Rapping moved downtown for a night on Wednesday when the Ritz presented a cavalcade of rappers. The Sugar Hill Gang, whose ''Rapper's Delight'' was one of the first rap hits, headlined the show. The three men who do most of the group's rapping took turns declaiming rhymed couplets and chimed in as a unison chorus on key phrases while a tight band laid down funk rhythms that were heavily accented on the first beat of each measure. The band also accompanied Sequence, three women in glittering costumes whose raps were as fast and funny as those of the men.

Grand Master Flash and an assistant accompanied the Fabulous Five with a virtuoso performance on two turntables; Flash constructed bass and drum parts by repeatedly playing the first few bars of records by Queen & Chic; he created extravagent special effects by stopping records with his hand while they were playing, while they were spinning, a technique that resulted in a regular, percussive skidding sound. ''What you've just beared witness to is seven men and two turntables,'' one of the group's rappers told the predominantly white, enthusiastic crowd. ''Think about it.''

The Funky 4 Plus 1 provided even more food for thought. The group's five rappers chanted in crisp unison and traded phrases in a kind of whiplash call and response. They were able to inject some personality, and some new rhymes and couplets, into what has already become a fairly standardized idiom, and they were as disciplined as a crack drill team. Their lone disk jockey provided minimal accompanyment by repeating bass figures and drum parts from various funk and disco records. Basically, the Funky 4 Plus 1 provide a kind of rhythmic noise. Melody and harmony have no place in their music, which rides on an irrestible dance beat and various cross rhythms.
The evening featured several surprise guests, including Andy Hernandez from Dr. Buzzard's Original Savannah Band, who rapped over the instrumental track of his latest recording, the delightful ''Me No Pop I.'' The Coconuts, who are Mr. Hernandez's associates in the group Kid Creole and the Coconuts, also performed a short set of their own and demonstrated conclusively that they are not spectacular dancers.

Rapping is probably familiar to most New Yorkers as an intrusive noise on the subway or in the park - the noise that comes out of blaring cassette players and portable radios. But as the Ritz show demonstrated, rapping has a much broader appeal than one might have anticipated. It's an intriguing test of the performer's verbal ingenuity and rhythmic exactitude, and its fine.

Sunday, February 13, 2011

Earliest article about rap music? 'Recording the Rap: Jive Talk at the Top of the Charts', The Washington Post, 08-31-80

This blog is all about preservation of old school hip hop culture. Besides radio and live tapes, you find some movies and also a bunch of flyers. I think it's nice to post 1 or more newspaper articles from back in the days too. So in stead of mp3, lot's of text. Please let me know if you find this interesting enough.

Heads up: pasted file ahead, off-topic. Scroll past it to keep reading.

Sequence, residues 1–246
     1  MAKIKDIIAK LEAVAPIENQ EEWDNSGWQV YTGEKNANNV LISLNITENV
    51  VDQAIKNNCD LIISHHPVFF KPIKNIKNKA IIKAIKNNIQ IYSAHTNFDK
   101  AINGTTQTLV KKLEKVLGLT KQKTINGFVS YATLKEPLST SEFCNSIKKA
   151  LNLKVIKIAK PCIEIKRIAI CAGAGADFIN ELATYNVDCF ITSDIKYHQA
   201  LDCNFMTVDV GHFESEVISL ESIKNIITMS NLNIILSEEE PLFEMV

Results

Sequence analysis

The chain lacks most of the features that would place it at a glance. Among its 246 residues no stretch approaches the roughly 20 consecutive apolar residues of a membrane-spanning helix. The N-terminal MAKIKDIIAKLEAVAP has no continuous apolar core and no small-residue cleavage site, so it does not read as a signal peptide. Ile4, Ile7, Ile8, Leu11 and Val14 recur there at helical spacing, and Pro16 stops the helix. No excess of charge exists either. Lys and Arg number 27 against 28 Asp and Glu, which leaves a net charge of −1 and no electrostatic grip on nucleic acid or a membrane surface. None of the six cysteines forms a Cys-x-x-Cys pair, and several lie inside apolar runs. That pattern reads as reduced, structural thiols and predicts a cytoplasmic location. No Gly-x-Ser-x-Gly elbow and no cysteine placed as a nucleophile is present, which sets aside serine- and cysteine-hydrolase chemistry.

The next article is from the Washington Post and it's the oldest one that's about rap music i came across. If someone has an earlier article (not a hit chart or a general piece that only briefly mentions a rap artist), please let me know!

Recording the Rap: Jive Talk at the Top of the Charts
By Leah Y. Latimer

"The rap is hot. It is the newest craze among the 14-to-21-year-olds, the record-buying majority who are putting rap records on the national charts and making money for the nightclub disc-jockeys capitalizing on a bit of New York City party culture. Rap records are big among young adults too, those in the 21-35 age range who bop into the disco on Friday night ready for good music and fast talk.
Rapping started in New York clubs about five years ago when deejays began trying to outdo each other -- while spinning the most popular instrumental tracks -- by talking over them, always in outlandish rhymes that slid off the lips in syllabic precision, always in perfect time to the beat. Now the competition is in the recording studios, where deejays are putting their raps on tape for play on radios and in discos across the country.
Kurtis Blow, a 20-year-old New York nightclub deejay who floats from club to club, is the best rapper around, according to recent sales. "The Breaks," his seven-minute humorous lament about life's ups and downs, is the second 12-inch extended-play disc to be certified gold by the Recording Industry Association of America. (The first was the Donna Summer/Barbra Streisand teamup on "Enough Is Enough.")
"The Breaks" rose fast through the black-oriented single charts, hitting No. 1 in Billboard two weeks ago and currently at the top spot in Record World. And more: "The Breaks," on Polygram's Mercury label, is also No. 4 on Billboard's Disco Top 60. It's even bubbling under the Hot 100 at 101. "It's premature to say it's a crossover," Polygram/Mercury Records president Bob Sherwood says, "although it has in Miami and, of all places, San Diego."
Locally, Waxie Maxie reports that in a single week one of its outlets moved about 35 copies of "The Breaks" after its April release. That's the kind of popularity that got Blow booked into the Capital Centre last night, along with another rap group, the Sugarhill Gang.
Not bad -- considering that, according to his publicist at Mercury Reocrds, Blow "is not doing much that any other deejay in the clubs isn't doing." "He's just got that flair," the publicist says of the Harlem native who is also majoring in communications and speech at Brooklyn college.